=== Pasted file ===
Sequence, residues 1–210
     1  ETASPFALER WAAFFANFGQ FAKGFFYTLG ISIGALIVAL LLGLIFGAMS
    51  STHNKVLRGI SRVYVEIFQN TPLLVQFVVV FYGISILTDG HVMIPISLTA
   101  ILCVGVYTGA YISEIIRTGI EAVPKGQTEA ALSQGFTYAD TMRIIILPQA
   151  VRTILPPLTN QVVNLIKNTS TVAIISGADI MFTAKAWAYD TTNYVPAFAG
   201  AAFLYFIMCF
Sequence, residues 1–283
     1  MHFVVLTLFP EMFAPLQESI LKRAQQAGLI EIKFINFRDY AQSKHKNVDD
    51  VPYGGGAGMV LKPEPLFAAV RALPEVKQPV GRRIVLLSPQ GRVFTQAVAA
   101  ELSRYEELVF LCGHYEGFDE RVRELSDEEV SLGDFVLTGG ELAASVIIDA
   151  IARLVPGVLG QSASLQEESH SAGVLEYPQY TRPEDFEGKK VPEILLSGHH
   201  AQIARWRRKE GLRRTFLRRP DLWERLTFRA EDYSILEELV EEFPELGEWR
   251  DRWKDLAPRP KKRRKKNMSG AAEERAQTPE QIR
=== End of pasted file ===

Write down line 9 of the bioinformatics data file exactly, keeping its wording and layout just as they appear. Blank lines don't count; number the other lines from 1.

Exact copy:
    51  VPYGGGAGMV LKPEPLFAAV RALPEVKQPV GRRIVLLSPQ GRVFTQAVAA